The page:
Gradient descent (GD) and stochastic gradient descent (SGD) are the workhorses of large-scale machine learning. While classical theory focused on analyzing the performance of these methods in convex optimization problems, the most notable successes in machine learning have involved nonconvex optimization, and a gap has arisen between theory and practice. Indeed, traditional analyses of GD and SGD show that both algorithms converge to stationary points efficiently. But these analyses do not take into account the possibility of converging to saddle points. More recent theory has shown that GD and SGD can avoid saddle points, but the dependence on dimension in these analyses is polynomial. For modern machine learning, where the dimension can be in the millions, such dependence would be catastrophic. We analyze perturbed versions of GD and SGD and show that they are truly efficient-their dimension dependence is only polylogarithmic. Indeed, these algorithms converge to second-order stationary points in essentially the same time as they take to converge to classical first-order stationary points.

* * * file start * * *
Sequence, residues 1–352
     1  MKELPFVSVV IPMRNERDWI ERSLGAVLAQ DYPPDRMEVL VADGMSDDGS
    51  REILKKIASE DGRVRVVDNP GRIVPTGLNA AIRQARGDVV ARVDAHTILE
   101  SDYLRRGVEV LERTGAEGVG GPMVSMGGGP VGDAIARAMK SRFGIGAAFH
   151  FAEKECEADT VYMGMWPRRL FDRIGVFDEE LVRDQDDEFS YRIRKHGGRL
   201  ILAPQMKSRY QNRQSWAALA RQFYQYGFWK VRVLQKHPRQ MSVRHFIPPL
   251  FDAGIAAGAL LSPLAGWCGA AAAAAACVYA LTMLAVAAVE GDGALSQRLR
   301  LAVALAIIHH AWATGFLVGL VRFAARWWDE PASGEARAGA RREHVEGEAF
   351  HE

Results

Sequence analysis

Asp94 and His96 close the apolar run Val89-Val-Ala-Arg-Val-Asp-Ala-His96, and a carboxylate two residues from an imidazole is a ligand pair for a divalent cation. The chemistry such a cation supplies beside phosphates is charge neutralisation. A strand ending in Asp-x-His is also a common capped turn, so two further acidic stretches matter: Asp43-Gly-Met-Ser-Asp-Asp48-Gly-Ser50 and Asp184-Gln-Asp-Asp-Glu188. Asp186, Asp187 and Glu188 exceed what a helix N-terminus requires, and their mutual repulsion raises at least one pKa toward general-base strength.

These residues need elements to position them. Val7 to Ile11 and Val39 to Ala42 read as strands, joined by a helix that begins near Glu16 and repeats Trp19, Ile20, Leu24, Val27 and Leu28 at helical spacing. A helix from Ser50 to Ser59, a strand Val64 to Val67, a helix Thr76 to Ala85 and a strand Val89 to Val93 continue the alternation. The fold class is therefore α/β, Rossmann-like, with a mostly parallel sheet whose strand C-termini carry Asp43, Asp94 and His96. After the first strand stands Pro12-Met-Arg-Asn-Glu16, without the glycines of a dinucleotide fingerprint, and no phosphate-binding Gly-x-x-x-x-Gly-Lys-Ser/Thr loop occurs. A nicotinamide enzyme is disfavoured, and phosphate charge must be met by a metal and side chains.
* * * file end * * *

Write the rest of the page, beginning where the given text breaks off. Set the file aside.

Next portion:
All Science Journal Classification (ASJC) codes
- Control and Systems Engineering
- Information Systems
- Hardware and Architecture
- Artificial Intelligence
- (stochastic) gradient descent
- Saddle points